1. It has not one, but TWO savvy female characters …
As regular Bang2writers know, my passion is for female characters who have agency of their own and pull their weight in the narrative. Unlike many gangster films where females are purely there for decoration, Chloe and Alex both contribute to the story and are absolutely essential to the plot beats. As writer/director JK Amalou says, “The female characters play a bigger part in our story than is usual in films of this type.”
2. … But there are no patronising gender politics.
I obviously read a lot of spec scripts via production companies and individuals that seek to place female characters in the gangster storyworld. Interestingly, very often these specs become a “battle of the sexes” between whiter-than-white female characters and big bad male gangsters. In ASSASSIN however, the characters are not reduced by their gender in such a basic way and feel authentic and real, with genuine flaws and problems. The way characters SHOULD be as far as I’m concerned – personality first, gender second.
3. It showcases some great locations.
I love the UK and as I’ve said before, it really frustrates me that so many British filmmakers represent our great nation as a complete shithole. Whilst of course there is deprivation here, we are also blessed with some amazing landmarks and scenery, yet it’s too often up to television to showcase them.
ASSASSIN will take an unusual step then in being a gangster film that not only makes our Capital look fabulous, it actually steps OUTSIDE London too: filming on location in London, Sussex and Surrey. “I want to show a side to London that isn’t just Soho and Canary Wharf,” says JK Amalou, “really make the city into a character. But I also want to get out of London, life extends beyond the City.”
4. It’s good writing.
I first read this screenplay back in 2007 when it was UNTITLED GANGSTER FILM, so have been privy to its development for a long time. Though there have been lots of changes along the way – including a French version! – I never shook from the belief that this screenplay deserved to be made. Why? Well, for one thing, I love the gangster sub genre of Thriller. It’s how I met JK Amalou in the first place: I sought him out because I liked HARD MEN (1996) so much. It was funny and dark and I had an inkling I would like the guy behind it … And I was right, because I am now lucky enough to count JK as my honorary big brother; he’s been a great friend and support to me over the years.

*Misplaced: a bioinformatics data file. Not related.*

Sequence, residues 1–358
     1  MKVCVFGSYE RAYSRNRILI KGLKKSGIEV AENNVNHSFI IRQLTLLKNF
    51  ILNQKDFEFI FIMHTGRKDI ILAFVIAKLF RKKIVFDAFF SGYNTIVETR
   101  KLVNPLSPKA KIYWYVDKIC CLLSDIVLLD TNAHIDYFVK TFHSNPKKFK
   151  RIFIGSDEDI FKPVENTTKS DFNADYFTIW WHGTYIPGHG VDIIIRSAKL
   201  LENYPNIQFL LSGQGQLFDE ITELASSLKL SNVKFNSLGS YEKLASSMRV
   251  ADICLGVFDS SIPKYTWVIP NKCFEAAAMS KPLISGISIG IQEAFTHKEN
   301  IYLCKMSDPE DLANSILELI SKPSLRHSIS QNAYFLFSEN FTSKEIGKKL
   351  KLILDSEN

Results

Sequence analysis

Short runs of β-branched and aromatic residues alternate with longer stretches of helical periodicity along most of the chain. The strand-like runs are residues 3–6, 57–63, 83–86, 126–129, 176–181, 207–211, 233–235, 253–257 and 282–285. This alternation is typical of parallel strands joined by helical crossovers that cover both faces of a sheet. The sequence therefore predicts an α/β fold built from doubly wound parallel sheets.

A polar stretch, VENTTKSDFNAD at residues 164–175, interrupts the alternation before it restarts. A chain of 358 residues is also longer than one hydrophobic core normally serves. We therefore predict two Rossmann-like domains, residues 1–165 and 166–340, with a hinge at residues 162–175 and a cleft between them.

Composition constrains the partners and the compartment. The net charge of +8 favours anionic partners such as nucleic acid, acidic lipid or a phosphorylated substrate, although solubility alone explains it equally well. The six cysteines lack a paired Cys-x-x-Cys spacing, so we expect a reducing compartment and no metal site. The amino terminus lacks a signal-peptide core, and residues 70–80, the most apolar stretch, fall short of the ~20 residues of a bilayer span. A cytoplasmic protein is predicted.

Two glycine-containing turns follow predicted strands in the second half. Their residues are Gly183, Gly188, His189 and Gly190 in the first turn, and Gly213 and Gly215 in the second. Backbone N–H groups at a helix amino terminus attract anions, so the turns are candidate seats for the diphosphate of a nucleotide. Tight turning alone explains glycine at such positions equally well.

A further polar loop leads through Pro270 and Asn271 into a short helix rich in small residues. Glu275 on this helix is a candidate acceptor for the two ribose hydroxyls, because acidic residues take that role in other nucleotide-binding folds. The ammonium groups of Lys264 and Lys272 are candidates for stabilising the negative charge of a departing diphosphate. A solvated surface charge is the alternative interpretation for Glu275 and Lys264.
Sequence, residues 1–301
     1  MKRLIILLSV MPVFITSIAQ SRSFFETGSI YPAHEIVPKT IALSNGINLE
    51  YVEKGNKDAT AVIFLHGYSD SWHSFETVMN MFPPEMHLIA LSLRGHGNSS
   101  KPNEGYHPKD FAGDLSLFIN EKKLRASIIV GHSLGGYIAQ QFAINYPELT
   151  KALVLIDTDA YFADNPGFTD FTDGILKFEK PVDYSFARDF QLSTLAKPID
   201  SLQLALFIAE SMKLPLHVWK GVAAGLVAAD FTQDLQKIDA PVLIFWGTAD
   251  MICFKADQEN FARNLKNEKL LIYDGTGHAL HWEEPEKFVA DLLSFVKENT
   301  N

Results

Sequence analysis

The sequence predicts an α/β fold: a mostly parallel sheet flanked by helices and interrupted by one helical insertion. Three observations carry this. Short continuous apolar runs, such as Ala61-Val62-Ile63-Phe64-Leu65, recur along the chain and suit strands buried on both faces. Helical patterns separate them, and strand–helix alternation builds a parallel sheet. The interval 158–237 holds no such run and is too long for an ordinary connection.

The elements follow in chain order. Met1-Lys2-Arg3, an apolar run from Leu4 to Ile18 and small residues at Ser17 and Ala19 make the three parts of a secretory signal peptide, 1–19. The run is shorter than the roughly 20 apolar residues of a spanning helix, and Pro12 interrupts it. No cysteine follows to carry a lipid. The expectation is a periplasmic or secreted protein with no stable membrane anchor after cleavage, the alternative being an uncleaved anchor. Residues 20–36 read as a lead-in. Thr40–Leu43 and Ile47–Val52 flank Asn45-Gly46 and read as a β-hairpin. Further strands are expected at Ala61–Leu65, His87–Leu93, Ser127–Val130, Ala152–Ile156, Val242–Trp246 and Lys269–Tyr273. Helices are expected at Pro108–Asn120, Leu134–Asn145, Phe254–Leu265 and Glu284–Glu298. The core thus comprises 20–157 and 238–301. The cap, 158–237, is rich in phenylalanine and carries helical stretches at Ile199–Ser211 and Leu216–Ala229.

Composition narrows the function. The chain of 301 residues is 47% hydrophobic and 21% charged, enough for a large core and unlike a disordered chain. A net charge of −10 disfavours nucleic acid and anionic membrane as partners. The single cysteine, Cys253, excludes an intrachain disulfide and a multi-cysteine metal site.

Like all JK’s work, ASSASSIN is structured brilliantly, but most importantly I loved the characters. They’re not the “usual”, but equally they’re not so far out of the left field they’re unrecognisable. And this is key. If you want to attract top talent, then you have to give them a meaty part to sink their teeth into. Actors are bored of the same-old, same-old. And believe me, it’s there in the spec pile, buckets of it.
So it’s no surprise to me Danny Dyer wanted to make another film with JK after DEVIATION (2012), just as it was no surprise cult faves the Kemp Brothers wanted to reunite for the first time in 20 years to play the Alberts Brothers in our film. A well-written screenplay with great characters will ALWAYS do that.
5. It’s Genre Busting.
Unlike so many gangster films that rely on daring heists, outrunning hits on the protagonist or investigating dead women’s demises, ASSASSIN is primarily a love story. This was a masterstroke, because it immediately differentiates it from the others in the marketplace, but also gives the narrative a universal quality, because MOST people have experienced, or at least interested in being in love. Again, a key quality to audience appeal. Here’s the story for those of you who’ve missed it on Twitter and Facebook:
ASSASSIN tells the story of Jamie (Dyer), a professional hitman hired to kill corrupt politician Tony Boyd (Cavanah) by mobsters John and Lee Alberts (Gary and Martin Kemp). The night of the hit he meets Chloe (Holly Weston, JOHN CARTER) and begins an affair with her, only to discover that she is Boyd’s estranged daughter. Spurred on by her friend Alex (Anouska Mond, iLL MANORS), Chloe begins to think that Boyd’s death was not the accident it appears and when she begins digging, the Alberts hire Jamie to kill her too. As his world collapses around him, Jamie has to choose between survival and the girl he loves in an action-packed climax that can only end one way – death. Follow on Twitter or “Like” the page here for updates.
And I for one can’t wait to see how it turns out … See you on the other side!
JK Amalou on this blog before:
Writing, Selling & MAKING Thriller Screenplays: JK shares his favourite Thrillers and offers some great insights for writers
Writing Genre: Deviation & Thriller
Deviation Blog: Q&A With JK Amalou
Great post, Lucy, and much good luck to JK Amalou and everyone else involved in the film.
Thanks Royston! Appreciated x
I completely agree with you on point no. 3
I don’t know why we dont see more british movies showing off London and all the amazing locations. Nyc is tends to be shown in a great light, with many locations (cafes, bars etc) becoming famous because they were in ‘that scene’
The only one i can think of in london is Notting Hill.
We’ve all seen too many scenes shot in front of tower bridge
theres so many places – brixton, clapham, shoreditch that would look great on camara!